Friday, 2 December 2016
Emma (The Austen Project no. 3) by Alexander McCall Smith
Published by: The Borough Press
Genre: Contemporary Romance
Emma Woodhouse lives in the tight-knit English country village of Highbury. The daughter of a 'gentleman farmer', she is rich, clever and not particularly interested in the pursuit of romantic love - or at least not for herself. Her older sister has left home and moved to London and her former - wait for it - governess (yes, I did say governess), Anne Taylor, continues to live in the stately home Emma grew up in with her overly cautious and worrisome father, while she attends university. After graduating, she returns to Highbury with a plan to start her own business - but not right away since, If you are Emma Woodhouse, employment is not something you need to rush into.
Having nothing particular to do with her time, Emma's return creates mayhem as she interferes in the lives of her friends and neighbours, in what she tells herself are selfless attempts to make their lives better. The hapless victims include the impressionable Harriet Smith, a teaching assistant at an English language school for foreign teenagers, Anne Fairfax, a young musician who lives with her poverty-stricken aunt and great-aunt, and Frank, the son of Mr George Weston, a neighbour in the village. Frank has spent most of his life in Australia and has come to Highbury with a plan - one that gets derailed thanks to Miss Woodhouse. She also works her magic on the not-so-hapless Philip Elton, the local vicar. The only person who seems immune to Emma's meddling is her next door neighbour, George Knightly. It becomes apparent that Emma needs a firm hand, or at least bringing down a peg or two, for her own good. Perhaps George is the person to do just that....
This is the 3rd book released by the Austen Project, which invites carefully selected (well established and respected) authors to write a modern version of each of Jane Austen's novels. That this particular novel is a modern retelling is debatable, however, since the original story has not been altered that much. For me, the only thing modern about it is the setting, which is exactly 200 years after the original publication. The result of this is fundamental flaws and niggling plot holes that, understandably, could not be avoided. (Some of these are alluded to in my synopsis.) I don't think this is by accident as the approach enhances comedy value - which I think is what McCall Smith was aiming for. My solution to its unfeasibility was to acknowledge that it is not just a work of fiction but complete fantasy that required me to suspend me disbelief and, in doing so, allowed me to focus more on what is great about it - and there is a lot that is great about this book.
Having this story in a contemporary setting does feel a bit 'chick-lit' like*. That said, it is the kind of chick-lit that most novels of that kind can only aspire to. The character development is particularly good, because the reader does get more backstory and therefore more of an insight into the characters than the original. Not only the principal ones like Emma, and Knightly but pretty much all of them. This added another dimension to the novel (both versions). As I mentioned before, it is also told with great humour. There are many laugh-out-loud moments that made it such an enjoyable read for me. Mr Woodhouse, in particular, is a character of comedic value. You get the impression that McCall Smith is poking fun at these upper-class folk - but in a nice way. We also see their humane side, Mr Knightly, in particular, comes across as a kind and thoughtful person who loves his village and genuinely cares about the people who live there, regardless of their situation.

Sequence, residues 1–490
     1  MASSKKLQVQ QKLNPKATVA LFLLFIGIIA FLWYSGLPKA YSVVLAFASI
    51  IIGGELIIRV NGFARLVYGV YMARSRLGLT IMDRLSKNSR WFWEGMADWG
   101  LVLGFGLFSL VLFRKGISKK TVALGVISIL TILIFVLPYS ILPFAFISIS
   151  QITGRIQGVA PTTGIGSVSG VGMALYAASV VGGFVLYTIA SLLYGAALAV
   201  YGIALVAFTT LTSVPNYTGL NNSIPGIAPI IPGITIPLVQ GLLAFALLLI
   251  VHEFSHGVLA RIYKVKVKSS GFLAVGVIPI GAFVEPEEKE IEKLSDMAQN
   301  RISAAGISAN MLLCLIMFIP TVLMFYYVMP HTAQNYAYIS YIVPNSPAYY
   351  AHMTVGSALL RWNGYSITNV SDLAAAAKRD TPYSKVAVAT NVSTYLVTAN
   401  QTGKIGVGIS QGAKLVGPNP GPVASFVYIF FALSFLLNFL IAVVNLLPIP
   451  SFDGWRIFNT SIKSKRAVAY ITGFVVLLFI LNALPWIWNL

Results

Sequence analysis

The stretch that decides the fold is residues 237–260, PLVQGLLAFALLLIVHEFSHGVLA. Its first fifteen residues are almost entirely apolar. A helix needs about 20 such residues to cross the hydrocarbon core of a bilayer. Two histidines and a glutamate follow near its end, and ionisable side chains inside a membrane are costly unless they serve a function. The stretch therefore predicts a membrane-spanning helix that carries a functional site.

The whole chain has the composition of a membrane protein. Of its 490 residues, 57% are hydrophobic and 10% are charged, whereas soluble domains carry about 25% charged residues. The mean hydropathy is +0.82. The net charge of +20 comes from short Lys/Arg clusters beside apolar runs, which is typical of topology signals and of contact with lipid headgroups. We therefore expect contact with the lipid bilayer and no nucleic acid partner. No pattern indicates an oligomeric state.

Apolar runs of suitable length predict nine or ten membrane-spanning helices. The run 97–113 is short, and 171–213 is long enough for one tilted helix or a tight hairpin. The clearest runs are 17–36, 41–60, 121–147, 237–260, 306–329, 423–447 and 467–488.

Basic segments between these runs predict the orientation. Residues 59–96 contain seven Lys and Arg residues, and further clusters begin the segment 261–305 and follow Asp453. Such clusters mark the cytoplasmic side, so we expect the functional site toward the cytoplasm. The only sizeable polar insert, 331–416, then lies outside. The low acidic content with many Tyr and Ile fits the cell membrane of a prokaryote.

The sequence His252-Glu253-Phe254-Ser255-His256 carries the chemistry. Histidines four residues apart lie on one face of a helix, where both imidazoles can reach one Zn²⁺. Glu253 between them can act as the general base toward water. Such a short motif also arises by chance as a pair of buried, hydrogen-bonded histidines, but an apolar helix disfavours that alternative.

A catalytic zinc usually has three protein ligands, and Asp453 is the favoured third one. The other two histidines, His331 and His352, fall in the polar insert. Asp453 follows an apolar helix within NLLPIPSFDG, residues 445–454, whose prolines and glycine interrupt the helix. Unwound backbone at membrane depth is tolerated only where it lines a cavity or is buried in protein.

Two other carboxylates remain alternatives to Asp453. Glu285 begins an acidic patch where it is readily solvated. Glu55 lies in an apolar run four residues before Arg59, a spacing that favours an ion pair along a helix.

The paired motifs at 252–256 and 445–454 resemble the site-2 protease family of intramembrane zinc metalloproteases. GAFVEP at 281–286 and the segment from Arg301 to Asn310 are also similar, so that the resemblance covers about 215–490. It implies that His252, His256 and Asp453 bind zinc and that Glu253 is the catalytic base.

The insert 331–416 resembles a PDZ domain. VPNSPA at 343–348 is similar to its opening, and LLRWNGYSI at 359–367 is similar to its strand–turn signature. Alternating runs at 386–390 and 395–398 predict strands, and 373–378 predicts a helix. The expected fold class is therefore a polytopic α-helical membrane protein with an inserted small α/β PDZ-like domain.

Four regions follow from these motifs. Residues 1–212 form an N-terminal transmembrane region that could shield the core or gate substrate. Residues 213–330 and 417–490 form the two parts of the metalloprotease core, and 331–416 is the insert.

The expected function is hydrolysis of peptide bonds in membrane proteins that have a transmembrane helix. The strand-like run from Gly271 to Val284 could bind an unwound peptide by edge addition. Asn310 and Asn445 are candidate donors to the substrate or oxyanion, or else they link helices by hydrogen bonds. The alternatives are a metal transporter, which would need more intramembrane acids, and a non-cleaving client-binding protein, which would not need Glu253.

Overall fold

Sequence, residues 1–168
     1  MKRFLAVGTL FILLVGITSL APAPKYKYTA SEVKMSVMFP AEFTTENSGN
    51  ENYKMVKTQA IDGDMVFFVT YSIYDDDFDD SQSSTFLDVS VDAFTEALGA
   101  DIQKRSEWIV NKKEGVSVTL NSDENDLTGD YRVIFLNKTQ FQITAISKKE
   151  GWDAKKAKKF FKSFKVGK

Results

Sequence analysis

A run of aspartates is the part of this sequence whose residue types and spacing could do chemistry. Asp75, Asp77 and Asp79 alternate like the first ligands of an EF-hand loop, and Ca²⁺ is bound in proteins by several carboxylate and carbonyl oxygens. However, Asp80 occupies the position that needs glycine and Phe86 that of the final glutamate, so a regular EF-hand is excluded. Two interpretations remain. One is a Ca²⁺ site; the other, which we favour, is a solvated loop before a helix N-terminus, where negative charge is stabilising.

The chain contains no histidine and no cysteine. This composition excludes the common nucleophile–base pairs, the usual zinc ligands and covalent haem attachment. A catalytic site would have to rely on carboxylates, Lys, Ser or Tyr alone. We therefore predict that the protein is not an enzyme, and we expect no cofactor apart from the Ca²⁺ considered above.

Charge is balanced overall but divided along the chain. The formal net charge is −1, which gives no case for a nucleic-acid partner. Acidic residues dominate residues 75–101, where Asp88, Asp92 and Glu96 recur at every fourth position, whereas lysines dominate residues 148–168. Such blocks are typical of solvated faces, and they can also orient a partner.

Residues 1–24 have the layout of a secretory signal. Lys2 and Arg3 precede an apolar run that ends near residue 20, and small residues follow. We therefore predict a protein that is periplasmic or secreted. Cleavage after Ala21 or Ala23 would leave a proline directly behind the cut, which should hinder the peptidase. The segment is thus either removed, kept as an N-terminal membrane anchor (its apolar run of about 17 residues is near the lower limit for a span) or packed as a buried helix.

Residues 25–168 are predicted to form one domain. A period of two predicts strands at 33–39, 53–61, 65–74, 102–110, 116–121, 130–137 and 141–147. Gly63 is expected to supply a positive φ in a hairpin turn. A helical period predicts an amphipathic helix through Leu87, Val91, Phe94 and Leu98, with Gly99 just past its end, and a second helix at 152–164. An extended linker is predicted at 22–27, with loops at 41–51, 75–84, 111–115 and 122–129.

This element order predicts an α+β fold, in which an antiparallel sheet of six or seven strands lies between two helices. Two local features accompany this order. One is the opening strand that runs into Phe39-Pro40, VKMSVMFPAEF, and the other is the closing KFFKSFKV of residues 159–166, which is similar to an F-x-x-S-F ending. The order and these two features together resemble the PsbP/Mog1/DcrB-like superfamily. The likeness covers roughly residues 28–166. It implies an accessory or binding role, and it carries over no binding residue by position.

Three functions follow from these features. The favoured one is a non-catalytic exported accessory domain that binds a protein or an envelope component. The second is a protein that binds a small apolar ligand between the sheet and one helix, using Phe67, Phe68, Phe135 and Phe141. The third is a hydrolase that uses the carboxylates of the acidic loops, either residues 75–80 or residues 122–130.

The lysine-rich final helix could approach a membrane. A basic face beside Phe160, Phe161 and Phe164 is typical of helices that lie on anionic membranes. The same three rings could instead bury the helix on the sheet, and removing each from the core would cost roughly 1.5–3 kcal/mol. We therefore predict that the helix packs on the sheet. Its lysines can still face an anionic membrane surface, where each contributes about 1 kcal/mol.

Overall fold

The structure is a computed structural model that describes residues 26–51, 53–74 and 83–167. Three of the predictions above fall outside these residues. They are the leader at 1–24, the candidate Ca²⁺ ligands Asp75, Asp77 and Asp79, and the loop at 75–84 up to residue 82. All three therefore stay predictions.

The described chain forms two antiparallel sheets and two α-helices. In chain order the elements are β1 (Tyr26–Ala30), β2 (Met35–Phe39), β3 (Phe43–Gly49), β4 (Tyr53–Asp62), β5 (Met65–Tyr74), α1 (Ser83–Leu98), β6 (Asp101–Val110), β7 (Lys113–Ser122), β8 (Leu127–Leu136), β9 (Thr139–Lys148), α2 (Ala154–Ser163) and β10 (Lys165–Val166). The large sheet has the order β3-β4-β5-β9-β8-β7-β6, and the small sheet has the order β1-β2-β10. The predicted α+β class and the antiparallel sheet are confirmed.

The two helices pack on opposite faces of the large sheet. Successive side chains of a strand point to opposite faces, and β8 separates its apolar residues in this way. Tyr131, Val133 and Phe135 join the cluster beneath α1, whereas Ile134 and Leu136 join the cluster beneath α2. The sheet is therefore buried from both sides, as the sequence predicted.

I am a fan of Jane Austen but whenever I read her books, I always think about what it would have been like for my ancestors in those days. Being a descendent of slaves kept by the British in the West Indies, I cringe at the frivilous lives of these people who benefited so greatly from the extreme suffering of others. Jane Austen is conveniently blind to this fact, whereas McCall Smith is not. The lovely Mr Knightly brings this up in a conversation with Mr Woodhouse - a conversation that is played out in a way that I have heard many times myself. Very nicely done indeed!
Emma is not a likeable character - she wasn't in 1816 and she isn't in 2016. The problem with Emma is that (a) she has too much time on her hands, (b) she had never experienced hardship and is completely out of touch with the lives of those who do and (c) she is an intelligent person who needs intellectual stimulation - a way to put that overactive mind of hers to (good) use - and is not getting it. In 1816 her opportunities would have been very limited. Going to university or running a business would not have been an option, so it is easier to make allowances for the original character, compared to the modern one. Her predicament is a lethal cocktail that many of the characters in the book fall victim to. You will more than likely get irritated with her. You may even become infuriated with her.
I like flawed characters because they make a story interesting. She is not all bad and she is self-aware; she recognises that her behaviour is questionable - but then she convinces herself it's okay. She does grow up and learn her lesson but, what I really liked was that she remained the same (flawed) person throughout.
Emma is, in my view, Jane Austen's second best novel (after Pride and Prejudice) and this version goes some way of demonstrating what a great story it is.
*Then again, I am convinced that chick-lit has evolved from the Jane Austen novel, since the sub-genre kick-started following the publication of Bridget Jones's Diary, a novel inspired by Pride & Prejudice.
More Austen Project reviews
Sense & Sensibility by Joanna Trollope (no. 1) -
Northanger Abbey by Val McDermit (no. 2)
Eligible by Curtis Sittenfeld (no. 4)